For more information, please visit parkscanada.gc.ca/riding.

Backgrounders associated with this News Release:


Backgrounder
Escarpment of Riding Mountain Area Strategy

Spectacular vistas, challenging terrain, rich heritage and diverse vegetation and wildlife, make the Escarpment of Riding Mountain a fascinating place for visitors and potentially one of Manitoba’s premier attractions.

The current management plan identified the need to develop an area strategy for the eastern portion of the park. This recommendation recognized the unique nature of the Escarpment of Riding Mountain, the potential for improved visitor experiences and the need to protect the area.

In the last three years, Parks Canada has worked with an Advisory Board, experts, community leaders and members to develop the Area Strategy. Parks Canada appreciates their insightful guidance, knowledge and commitment and wants to continue to work together so this Area Strategy evolves and comes to life.

The area’s geographic scope is within the park, however the area of desired influence extends beyond it. The reasoning behind this approach is twofold:

  1. Visitor experience does not stop at the park boundaries. There are many complementary experiences that exist or can be developed in the surrounding municipalities. It is our hope that area “champions” will drive actions in the areas outside the park.
  2. Parks Canada can work with others to provide services in the park to facilitate improved visitor experiences.

The Area Strategy’s goal is to ensure visitors have genuine opportunities to discover, experience and learn about the area while protecting it for future generations. By working towards its vision, objectives and actions, Parks Canada hopes visitors, stakeholders and neighbouring communities are further inspired about the park and region.

Vision - 10 to 15 years time:

  • Greater collaboration among Parks Canada, partners and stakeholders has led to increased numbers of opportunities for visitors to discover, experience and learn about the Escarpment of Riding Mountain area of the park, and beyond.
  • The number of visitors to this area of the park and beyond has increased significantly.
  • The Strategy has been a catalyst for greater collaboration among those who are responsible for this area, and those who can champion actions that lead to fulfilling this vision.

Backgrounder
Reeve’s Ravine Trail in Riding Mountain National Park

Parks Canada invites visitors to experience Riding Mountain’s natural and accessible wilderness and take part in a one of a kind trail experience on Reeve’s Ravine. It is truly a destination experience worth the trip. The Reeve’s Ravine trail starts at the Burls and Bittersweet trailhead just north of the East Gate. The best way to enjoy Reeve’s Ravine is to take the easier slope and ride or hike up the north leg of the trail to the summit. At the top, one can gaze out from a vantage point that has not been accessible to the public before. From here, one can see deep into the microclimate of Reeve’s Ravine and out over the expanse of the great Manitoba prairie: the former lake bed of the great inland sea, Lake Agassiz. Further down the trail, there are unique bur oak tree meadows. These trees, some of which are 295 years old, show evidence of the pioneer logging industry.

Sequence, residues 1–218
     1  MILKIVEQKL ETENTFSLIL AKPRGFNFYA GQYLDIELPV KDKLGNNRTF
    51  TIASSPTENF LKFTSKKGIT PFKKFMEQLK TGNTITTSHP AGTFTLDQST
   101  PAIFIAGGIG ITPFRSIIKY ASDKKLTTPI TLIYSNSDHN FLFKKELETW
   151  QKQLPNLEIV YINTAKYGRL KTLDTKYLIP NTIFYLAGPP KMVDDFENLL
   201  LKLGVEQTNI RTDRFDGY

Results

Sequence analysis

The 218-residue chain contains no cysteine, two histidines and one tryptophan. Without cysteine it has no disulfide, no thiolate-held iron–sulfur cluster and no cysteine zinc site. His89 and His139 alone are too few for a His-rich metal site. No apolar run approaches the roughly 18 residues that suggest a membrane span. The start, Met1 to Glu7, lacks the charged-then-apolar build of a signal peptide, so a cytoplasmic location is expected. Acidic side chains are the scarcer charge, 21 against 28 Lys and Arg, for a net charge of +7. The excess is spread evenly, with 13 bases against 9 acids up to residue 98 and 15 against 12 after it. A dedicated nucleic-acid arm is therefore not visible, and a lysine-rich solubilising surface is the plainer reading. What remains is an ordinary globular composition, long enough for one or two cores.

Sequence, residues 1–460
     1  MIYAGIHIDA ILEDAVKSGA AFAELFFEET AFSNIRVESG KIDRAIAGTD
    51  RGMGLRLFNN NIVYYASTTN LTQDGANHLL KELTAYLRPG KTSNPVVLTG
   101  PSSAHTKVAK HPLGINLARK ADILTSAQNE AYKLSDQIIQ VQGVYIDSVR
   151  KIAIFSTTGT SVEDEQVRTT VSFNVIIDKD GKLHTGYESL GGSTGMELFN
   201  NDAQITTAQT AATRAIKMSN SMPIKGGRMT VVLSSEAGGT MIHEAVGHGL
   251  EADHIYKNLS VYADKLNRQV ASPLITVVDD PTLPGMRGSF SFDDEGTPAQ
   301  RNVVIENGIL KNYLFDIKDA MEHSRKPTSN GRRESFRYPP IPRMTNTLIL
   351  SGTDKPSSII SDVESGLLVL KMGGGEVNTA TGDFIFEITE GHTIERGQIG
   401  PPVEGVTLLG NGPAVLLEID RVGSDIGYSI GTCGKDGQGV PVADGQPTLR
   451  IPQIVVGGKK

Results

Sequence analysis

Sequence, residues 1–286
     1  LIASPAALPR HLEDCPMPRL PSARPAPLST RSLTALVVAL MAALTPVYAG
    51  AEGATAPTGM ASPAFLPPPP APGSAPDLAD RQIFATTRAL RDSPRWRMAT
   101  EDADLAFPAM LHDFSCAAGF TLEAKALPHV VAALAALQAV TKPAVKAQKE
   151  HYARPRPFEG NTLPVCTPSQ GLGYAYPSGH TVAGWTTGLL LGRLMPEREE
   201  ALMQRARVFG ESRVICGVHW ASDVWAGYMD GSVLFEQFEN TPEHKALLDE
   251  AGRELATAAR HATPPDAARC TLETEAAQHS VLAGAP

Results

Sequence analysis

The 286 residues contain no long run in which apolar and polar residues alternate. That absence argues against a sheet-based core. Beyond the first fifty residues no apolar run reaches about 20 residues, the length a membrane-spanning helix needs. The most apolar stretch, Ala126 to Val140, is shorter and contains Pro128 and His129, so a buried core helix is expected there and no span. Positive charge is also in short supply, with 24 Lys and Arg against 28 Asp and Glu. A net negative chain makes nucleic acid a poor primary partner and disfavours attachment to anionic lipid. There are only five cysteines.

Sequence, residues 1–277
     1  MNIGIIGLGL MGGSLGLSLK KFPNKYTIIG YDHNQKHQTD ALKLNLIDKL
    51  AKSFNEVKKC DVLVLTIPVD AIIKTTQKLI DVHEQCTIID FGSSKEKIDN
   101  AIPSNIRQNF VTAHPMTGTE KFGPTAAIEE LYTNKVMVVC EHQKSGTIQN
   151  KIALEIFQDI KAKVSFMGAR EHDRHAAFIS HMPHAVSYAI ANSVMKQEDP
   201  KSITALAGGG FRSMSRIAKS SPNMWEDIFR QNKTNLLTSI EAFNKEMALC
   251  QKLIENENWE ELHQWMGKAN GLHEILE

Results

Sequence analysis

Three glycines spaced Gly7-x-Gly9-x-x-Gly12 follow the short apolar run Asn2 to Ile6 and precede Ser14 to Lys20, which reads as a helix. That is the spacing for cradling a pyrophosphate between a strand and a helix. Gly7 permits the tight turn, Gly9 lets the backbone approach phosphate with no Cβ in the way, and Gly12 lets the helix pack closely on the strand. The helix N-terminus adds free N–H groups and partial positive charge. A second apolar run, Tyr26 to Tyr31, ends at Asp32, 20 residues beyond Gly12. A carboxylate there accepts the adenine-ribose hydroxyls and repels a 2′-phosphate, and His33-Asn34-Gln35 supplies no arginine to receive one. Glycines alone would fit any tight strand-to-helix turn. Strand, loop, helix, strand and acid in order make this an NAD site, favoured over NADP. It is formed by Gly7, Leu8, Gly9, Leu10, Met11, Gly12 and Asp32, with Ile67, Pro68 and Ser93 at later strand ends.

By bike or on foot, the descent is technical, yet it is not a “white-knuckle” ride. This trail was designed with the help of the International Mountain Biking Association (IMBA), whose trail building guidelines aim to deliver quality recreational experiences and improve safety for both hikers and mountain bikers. Novice explorers will enjoy the pride of conquering Parks Canada’s newest single track trail, while experienced adventure seekers will enjoy the technical aspects of the tight and twisty, up and down sections.

IMBA guidelines also offer expert advice about how to build sustainable trails and limit environmental impacts. Their recommendations aim to reduce erosion and protect wilderness like the beautiful shale slopes of the escarpment. This also leads to lower maintenance costs as well, since a well-designed trail will not need expensive repairs after annual spring runoff or surprise summer storms.

Reeve’s Ravine Trail was built at a total cost of $15,000 with the help of the Manitoba Escarpment Trails Society (METS) and community members whose volunteers contributed hundreds of hours of labour to help build the trail. Their work was mostly done using hand tools because the trail is not accessible to mechanized equipment. With the total cost for materials coming in at less than $5,000, it is hoped that the construction of this trail will be a model for other organizations looking to work with Parks Canada.

By increasing regional tourism opportunities, the attractions and amenities that can be created through these types of partnerships will provide long term sustainable economic benefits for neighbouring communities.